(The Post Millennial) – US reporter Brent Renaud, an award-winning American filmmaker and journalist, was reportedly killed Sunday while reporting in Ukraine during the conflict.

At the time of death, Renaud, was covering the situation on the ground in a suburb of Ukraine’s capital, Kyiv, according to Ukraine’s Interior Ministry.

Renaud was killed in Irpin, a suburb that has been the site of intense shelling by Russian forces in recent days, according to Ukrainian officials, who also said another journalist was wounded as well. Anton Gerashchenko, an adviser to Ukraine’s interior minister, said in a statement that Renaud “paid with his life for attempting to expose the insidiousness, cruelty and ruthlessness of the aggressor.”

The 50-year-old reporter worked for numerous US news and media outlets in the past, including HBO, NBC and The New York Times.

According to The Times, he had contributed to the company in previous years, as recent as 2015, but he was not on assignment for the news organization in Ukraine.

“We are deeply saddened to hear of Brent Renaud’s death,” said Danielle Rhoades Ha, a spokeswoman for The Times. “Brent was a talented filmmaker.”

Early reports said that Renaud was working for The Times because he was found with a Times press badge that had been issued for an assignment years ago.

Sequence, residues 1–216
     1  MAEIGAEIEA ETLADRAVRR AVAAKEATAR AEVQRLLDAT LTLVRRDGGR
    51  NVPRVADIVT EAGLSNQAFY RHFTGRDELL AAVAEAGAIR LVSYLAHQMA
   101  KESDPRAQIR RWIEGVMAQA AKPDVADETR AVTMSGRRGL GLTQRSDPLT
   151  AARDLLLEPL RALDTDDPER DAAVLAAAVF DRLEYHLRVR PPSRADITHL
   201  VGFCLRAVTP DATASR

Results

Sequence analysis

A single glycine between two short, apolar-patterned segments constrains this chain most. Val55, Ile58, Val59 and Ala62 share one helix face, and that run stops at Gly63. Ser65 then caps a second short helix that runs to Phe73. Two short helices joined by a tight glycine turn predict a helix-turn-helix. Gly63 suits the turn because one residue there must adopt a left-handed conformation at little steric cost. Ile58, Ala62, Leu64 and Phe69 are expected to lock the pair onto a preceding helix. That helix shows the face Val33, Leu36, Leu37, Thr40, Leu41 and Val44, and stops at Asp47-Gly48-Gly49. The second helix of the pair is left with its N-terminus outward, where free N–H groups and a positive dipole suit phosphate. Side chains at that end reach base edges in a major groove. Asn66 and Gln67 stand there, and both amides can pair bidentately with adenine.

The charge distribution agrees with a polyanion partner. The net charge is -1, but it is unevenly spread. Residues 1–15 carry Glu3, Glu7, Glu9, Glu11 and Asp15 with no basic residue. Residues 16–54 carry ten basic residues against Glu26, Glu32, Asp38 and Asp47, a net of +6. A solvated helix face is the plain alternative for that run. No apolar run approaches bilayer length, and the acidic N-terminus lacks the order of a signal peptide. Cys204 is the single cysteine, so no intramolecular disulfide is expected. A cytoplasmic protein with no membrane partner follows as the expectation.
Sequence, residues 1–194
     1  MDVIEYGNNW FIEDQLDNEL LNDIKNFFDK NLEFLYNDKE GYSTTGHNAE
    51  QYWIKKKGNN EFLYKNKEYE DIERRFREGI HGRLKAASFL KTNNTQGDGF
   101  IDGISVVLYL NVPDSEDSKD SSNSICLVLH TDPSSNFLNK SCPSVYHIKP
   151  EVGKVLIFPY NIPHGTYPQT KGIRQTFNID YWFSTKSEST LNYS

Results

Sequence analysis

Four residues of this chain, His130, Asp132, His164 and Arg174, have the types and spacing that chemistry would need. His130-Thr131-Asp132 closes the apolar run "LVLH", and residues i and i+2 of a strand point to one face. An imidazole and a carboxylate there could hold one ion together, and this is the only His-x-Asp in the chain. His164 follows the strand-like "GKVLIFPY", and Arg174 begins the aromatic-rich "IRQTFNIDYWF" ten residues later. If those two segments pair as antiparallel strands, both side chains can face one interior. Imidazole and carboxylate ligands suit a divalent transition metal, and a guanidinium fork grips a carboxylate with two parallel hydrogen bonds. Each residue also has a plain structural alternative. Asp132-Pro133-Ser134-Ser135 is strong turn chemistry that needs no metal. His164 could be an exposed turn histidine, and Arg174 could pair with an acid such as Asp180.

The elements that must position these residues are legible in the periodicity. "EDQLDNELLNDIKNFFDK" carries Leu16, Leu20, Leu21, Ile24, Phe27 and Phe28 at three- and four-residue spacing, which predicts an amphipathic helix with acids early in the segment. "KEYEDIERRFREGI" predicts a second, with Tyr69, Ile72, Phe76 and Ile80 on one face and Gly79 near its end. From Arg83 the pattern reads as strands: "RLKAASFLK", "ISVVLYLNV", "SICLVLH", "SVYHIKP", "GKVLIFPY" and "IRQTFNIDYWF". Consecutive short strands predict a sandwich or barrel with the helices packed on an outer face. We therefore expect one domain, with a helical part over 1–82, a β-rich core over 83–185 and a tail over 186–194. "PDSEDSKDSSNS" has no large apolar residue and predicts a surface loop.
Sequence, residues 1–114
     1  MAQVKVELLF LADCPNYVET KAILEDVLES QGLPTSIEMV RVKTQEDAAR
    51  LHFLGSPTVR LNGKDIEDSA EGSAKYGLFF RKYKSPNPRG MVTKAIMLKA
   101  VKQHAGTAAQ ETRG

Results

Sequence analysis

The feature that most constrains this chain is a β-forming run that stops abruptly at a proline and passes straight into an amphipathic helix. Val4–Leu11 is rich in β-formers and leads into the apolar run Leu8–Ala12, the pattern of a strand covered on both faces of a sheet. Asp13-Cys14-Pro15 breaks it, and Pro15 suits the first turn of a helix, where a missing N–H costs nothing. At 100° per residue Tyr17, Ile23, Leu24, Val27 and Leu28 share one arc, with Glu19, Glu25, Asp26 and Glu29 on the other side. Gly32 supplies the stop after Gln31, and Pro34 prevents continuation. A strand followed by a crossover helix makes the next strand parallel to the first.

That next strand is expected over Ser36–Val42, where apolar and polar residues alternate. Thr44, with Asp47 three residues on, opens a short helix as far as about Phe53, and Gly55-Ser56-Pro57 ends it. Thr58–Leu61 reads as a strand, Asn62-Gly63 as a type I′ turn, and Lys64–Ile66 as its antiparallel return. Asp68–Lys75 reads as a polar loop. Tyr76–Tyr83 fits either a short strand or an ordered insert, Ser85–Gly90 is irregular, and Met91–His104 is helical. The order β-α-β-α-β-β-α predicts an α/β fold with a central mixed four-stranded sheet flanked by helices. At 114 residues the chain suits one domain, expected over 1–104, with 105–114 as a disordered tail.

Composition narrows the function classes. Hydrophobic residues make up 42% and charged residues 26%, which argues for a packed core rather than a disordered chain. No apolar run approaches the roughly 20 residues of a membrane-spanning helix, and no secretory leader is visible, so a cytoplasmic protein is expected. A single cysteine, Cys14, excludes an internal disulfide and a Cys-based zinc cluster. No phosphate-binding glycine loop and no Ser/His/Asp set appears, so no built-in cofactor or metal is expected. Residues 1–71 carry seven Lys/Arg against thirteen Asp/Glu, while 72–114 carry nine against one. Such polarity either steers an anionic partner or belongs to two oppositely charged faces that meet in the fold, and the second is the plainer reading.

“The occupants … kill even journalists of the international media who try to show the truth about the inaction of Russian troops in Ukraine,” Kyiv Chief of Police Andrey Nebitov wrote on Facebook. “Of course, the profession of a journalist is a risk, but US citizen Brent Renaud paid his life for trying to highlight the aggressor’s ingenuity, cruelty and ruthlessness,” the head of Kyiv’s regional police force wrote, also posting what appears to be a graphic photo of Renaud’s body and photos of his American passport and media credentials issued by The Times.

Renaud often worked in tandem with his brother, Craig Renaud. The pair was known for going into conflict zones and other dangerous areas around the world to document events in these places. The hot spots the Renaud brothers have reported on include the cartel-dominated regions of Mexico, earthquake-hit Haiti, and war-torn Iraq and Afghanistan, among other dangerous scenes.

As a fellow at the Nieman Foundation for Journalism at Harvard University from 2018 to 2019, Renaud drew the praise of Ann Marie Lipinski, curator of the Nieman Foundation, who posted on Twitter on Sunday that he “was gifted and kind, and his work was infused with humanity.” Reacting to the news of Renaud’s death, Lipinski said that “the world and journalism are lesser for it.”